When I was pregnant for the first time, I asked myself questions about how much iron to get while pregnant. This led me to do a lot of research and eventually write this post on how much iron to get while pregnant. And after reading it, if you have any more questions on how much iron to get while pregnant, please feel free to leave a comment at the end of this article.
When it comes to pregnancy, you will want to explore as many avenues for your baby’s well-being. So, what should you know about iron?
How Much Iron To Get While Pregnant
Iron supply discrepancies. In the second stage of deficient erythropoiesis, the decreased rate is ascribed to inadequate iron supply to the bone marrow. While Hb has still normal values (>115g/L), ferritin further reduces (<20 μg/L) together with Tf saturation (<16%). Contrariwise, there is an increase of the sTfR (>1.75 mg/dL). When the functional requirements are not met by dietary absorption or storage release, serum iron (i.e., the amount of Fe3+ in the blood bound to Tf) decreases while Tf increases. Because of this liaison, three assays that measure the potential of iron supply are generally performed concomitantly, being the serum iron, the Tf concentration (reported as the quantity of iron that can be bound to Tf = total iron binding capacity, TIBC), and the percentage of Tf saturation (serum iron × 100/TIBC). Serum iron can be measured by either colorimetric assays (most used) or atomic absorption spectrophotometry. The concentration of serum transferrin can be measured by immunologic methods (direct) or throughout the determination of TIBC, whose assay is identical to the serum iron assay, but applies an additional step (saturation of iron-binding sites of the transferrin molecule with excess iron) followed by the removal of the unbound iron. Several analyzers measure also the unsaturated iron binding capacity (UIBC), with TIBC being subsequently calculated by summing UIBC to serum iron. Serum iron, TIBC, and transferrin saturation are indexes of an adequate iron supply, but their utility as screening tools for iron deficiency is limited by several factors, such as the circadian rhythm (e.g., morning peak of serum iron and Tf saturation), diet, and oral contraceptive use .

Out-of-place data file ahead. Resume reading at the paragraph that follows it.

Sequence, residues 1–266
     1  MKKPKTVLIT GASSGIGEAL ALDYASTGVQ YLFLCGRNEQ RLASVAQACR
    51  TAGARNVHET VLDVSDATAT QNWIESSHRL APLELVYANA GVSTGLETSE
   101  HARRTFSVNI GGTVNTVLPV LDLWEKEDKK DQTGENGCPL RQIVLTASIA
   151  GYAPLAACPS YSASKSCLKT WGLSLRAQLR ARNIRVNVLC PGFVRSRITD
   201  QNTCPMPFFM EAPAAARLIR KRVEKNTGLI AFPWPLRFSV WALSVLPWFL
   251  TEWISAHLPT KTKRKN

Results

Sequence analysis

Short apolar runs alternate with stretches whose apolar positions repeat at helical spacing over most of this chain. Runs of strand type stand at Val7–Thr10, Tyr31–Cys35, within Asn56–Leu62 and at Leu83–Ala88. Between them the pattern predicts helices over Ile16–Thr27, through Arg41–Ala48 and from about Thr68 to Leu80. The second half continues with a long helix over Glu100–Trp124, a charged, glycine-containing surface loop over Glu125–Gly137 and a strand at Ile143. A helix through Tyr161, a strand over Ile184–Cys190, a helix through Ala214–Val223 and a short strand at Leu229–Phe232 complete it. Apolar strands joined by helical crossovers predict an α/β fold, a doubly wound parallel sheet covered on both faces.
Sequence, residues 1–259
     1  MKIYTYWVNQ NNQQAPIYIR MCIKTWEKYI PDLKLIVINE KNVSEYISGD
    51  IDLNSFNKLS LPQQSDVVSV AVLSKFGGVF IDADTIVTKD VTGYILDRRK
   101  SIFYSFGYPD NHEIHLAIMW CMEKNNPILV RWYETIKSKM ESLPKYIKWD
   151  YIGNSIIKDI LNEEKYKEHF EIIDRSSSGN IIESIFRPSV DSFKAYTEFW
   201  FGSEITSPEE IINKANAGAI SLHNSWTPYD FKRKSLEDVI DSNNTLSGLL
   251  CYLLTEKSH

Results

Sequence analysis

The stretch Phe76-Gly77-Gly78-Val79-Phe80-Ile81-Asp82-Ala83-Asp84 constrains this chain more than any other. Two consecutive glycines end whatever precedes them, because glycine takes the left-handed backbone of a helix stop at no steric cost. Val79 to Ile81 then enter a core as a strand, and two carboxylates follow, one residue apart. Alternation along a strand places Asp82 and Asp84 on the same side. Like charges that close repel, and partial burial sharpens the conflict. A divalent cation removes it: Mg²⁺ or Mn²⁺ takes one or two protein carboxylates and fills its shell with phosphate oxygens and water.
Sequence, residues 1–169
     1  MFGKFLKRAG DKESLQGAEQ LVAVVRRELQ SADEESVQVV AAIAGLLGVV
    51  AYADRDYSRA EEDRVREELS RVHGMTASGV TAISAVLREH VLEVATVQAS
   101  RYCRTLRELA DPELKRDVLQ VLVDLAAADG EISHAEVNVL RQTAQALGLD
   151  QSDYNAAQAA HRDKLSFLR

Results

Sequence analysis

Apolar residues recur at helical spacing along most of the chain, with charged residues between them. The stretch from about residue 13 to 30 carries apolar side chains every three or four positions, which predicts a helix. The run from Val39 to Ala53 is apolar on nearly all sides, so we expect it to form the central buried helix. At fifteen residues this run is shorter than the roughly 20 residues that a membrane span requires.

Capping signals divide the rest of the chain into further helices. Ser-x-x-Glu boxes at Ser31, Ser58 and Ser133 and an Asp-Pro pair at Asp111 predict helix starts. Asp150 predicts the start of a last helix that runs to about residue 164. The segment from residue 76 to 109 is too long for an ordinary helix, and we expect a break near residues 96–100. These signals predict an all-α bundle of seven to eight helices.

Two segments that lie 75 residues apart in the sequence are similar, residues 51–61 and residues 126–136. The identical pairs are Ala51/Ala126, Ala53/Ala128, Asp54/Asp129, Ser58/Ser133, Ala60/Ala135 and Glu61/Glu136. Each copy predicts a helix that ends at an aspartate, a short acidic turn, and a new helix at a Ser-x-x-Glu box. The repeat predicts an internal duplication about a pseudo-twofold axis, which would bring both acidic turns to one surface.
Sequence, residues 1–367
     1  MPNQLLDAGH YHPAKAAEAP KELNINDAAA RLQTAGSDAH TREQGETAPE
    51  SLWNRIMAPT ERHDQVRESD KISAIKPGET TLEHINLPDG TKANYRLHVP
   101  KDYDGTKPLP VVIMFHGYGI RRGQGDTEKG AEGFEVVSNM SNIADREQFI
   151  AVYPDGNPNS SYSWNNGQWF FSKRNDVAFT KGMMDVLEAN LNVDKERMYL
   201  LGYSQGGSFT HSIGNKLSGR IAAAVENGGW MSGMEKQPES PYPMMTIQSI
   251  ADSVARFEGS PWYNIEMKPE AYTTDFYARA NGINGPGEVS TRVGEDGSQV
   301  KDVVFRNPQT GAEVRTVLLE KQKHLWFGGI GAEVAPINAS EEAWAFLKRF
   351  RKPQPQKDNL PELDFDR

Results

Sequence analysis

Nevertheless, a Tf saturation < 16% is known to reflect a suboptimal iron supply for the proper erythrocyte development . Normal values of serum iron range between 65 μg/dL to 170 μg/dL in adult males and 50 μg/dL to 170 μg/dL in adult females. TIBC and Tf saturation normal ranges are 250–450 μg/dL and 20–60%, respectively, in both adult males and females . The serum is the best sample matrix, but also heparin-plasma may be used, whilst EDTA- and citrate-plasma are unsuitable due to the chelating properties of these anticoagulants. Cellular ion demands , the erythroid proliferation rate , and the stainable bone marrow iron  are known to be linked to the concentrations of the soluble form of the serine protease-cleaved membrane receptor (sTfR) that circulates in plasma bound to Tf. Several lifestyle factors affect sTfR, such as smoking, alcoholic drinking, sedentary behaviors, and hypernutrition . Latex-enhanced immunoassays (nephelometry and turbidimetry) and the more recent immunofluorometric assays have been implemented to evaluate sTfR. However, the usefulness of commercial kits is limited by the poor comparability between different tools, comprising the calibrators (free vs. transferrin-complexed form, tissue origin), the antibodies (monoclonal vs. polyclonal), and reporting units (mg/L vs. nmol/L) . This lack of commutability together with the relatively high cost of reagents are some of the reasons why sTfR measurements have not been widely adopted in clinical practice. Normal range of sTfR are 0.30–1.75 mg/dL. The serum is the best matrix and it should be separated within 8 h from blood drawings in order to get reliable results . Of note, the sTfR/serum ferritin ratio may be more reliable than each parameter alone for the identification of iron deficiency.
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